Weekly Pre-Shabbos D’var Torah from Rabbi Gutstein

D’Var Torah:

In this week’s Parsha we find that Pharaoh called Yosef by the name Tzafnas Paneach. The Ibn Ezra says that “if this is an Egyptian name, we do not know its meaning.” In fact, this name for Yosef is never used again.  So, why does the Torah bother to write only this one time the apparently Egyptian name of Yosef?

We know that the Rabbis refer to Yosef as Yosef Hatzadik – Yosef the Righteous. But, all of his other brothers were also righteous. Why didn’t they earn the same honorable title of “Hatzadik” as Yosef? A reason suggested is that for 22 years Yosef lived in Egypt, an immoral and idolatrous country. Yet, living in Egypt did not affect his religious and moral behavior.  Though Yosef was the second most powerful person in the most powerful nation on earth at the time, he remained steadfast in his faith and belief in G-d.

This was a challenge that none of his other brothers had to face. They lived in the home of their father Yaakov or in his neighborhood.  Yaakov was their source for religious beliefs and code of morality. The temptations to go astray were not nearly as strong as they were for Yosef, living by himself in a foreign country. Despite that, Yosef remained faithful. Keeping his Hebrew name, Yosef, was one of the ways through which he proved his faithfulness. Yosef earned the title of “Hatzaddik – Righteous” by not giving in to the temptations surrounding him, even in small matters like his Jewish name.

Perhaps this is a reason that Parshas Mikeitz is almost always read on the Shabbos of Chanuka The Maccabees were not willing to concede an inch to Greek culture . . . not even a Jewish name.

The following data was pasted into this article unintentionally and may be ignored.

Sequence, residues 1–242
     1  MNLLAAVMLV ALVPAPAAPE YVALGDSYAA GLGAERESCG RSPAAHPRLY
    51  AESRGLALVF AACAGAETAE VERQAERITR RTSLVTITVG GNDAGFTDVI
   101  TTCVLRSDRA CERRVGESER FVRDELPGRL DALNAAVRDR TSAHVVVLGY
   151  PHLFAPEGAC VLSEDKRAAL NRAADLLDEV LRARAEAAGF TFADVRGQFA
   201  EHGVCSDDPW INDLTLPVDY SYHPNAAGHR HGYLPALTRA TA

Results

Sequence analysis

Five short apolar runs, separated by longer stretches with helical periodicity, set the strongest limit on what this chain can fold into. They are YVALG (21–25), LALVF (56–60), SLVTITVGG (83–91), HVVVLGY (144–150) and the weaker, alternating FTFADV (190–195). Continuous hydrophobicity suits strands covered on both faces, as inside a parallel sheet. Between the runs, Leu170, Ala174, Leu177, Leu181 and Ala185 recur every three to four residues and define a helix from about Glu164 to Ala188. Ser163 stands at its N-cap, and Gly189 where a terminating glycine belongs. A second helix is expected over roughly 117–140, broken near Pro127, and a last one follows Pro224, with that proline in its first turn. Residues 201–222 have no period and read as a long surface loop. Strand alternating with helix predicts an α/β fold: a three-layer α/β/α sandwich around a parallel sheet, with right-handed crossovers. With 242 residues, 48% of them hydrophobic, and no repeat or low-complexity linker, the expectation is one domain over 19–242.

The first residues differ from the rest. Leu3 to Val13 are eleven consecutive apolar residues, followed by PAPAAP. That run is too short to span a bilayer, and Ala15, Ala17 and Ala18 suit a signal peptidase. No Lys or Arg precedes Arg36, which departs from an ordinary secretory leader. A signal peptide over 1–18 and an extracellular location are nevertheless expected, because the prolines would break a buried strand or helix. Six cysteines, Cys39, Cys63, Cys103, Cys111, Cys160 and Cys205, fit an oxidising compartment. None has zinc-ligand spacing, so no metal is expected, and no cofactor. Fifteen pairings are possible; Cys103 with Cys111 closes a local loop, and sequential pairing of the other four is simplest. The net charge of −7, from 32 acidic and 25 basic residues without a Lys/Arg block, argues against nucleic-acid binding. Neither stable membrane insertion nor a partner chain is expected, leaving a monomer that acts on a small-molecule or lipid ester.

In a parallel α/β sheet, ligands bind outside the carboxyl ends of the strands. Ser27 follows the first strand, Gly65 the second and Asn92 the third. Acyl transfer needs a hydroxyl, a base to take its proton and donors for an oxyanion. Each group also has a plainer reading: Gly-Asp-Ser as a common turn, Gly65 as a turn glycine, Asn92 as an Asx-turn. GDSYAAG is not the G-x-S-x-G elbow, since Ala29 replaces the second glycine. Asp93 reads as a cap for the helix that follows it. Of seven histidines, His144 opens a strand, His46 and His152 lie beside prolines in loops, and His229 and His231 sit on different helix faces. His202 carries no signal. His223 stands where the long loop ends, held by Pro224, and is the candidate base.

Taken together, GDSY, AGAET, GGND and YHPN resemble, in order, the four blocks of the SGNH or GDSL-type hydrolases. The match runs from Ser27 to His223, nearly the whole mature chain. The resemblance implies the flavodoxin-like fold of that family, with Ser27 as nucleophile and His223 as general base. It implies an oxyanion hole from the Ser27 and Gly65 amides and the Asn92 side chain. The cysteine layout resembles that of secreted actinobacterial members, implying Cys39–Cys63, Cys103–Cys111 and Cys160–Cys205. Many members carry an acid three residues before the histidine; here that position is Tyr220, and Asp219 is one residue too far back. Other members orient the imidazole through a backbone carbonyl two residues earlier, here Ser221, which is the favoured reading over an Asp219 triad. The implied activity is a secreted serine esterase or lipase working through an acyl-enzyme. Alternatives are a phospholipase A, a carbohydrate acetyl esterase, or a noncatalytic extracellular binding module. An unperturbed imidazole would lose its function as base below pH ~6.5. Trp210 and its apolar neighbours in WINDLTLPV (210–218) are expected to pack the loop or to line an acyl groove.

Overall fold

What about our lifestyle here in America? We all like being a part of American society. The Jewish people have come a long way in America. We have climbed many rungs up the ladder of success, and we are proud to be included with the non-Jewish element in this country. We like what they like. They need to have many varieties of foods – so we need to have those same varieties. They have trees so some people feel that it is important to have a Chanuka bush. They have greeting cards depicting Santa, so we need cards depicting a Jewish form of Santa.

Superficially, this may seem very cute, but fundamentally we all know that it is really frightening. It represents the extent of assimilation for some Jews who have appropriated what the non-Jewish world has. Their heroes have become our heroes . . . their values have become our values.

That is the lesson we can learn from this week’s Parsha. Yosef taught us how important it is to remain an independent people . . . independent in our way of thinking, our values and our beliefs. We cannot allow the world to dictate to us what we should be thinking. This is also the theme of Chanukah – we do not accept values which are foreign to Judaism. Rather, we strive to continue to grow and gain more exposure to the light of the Torah.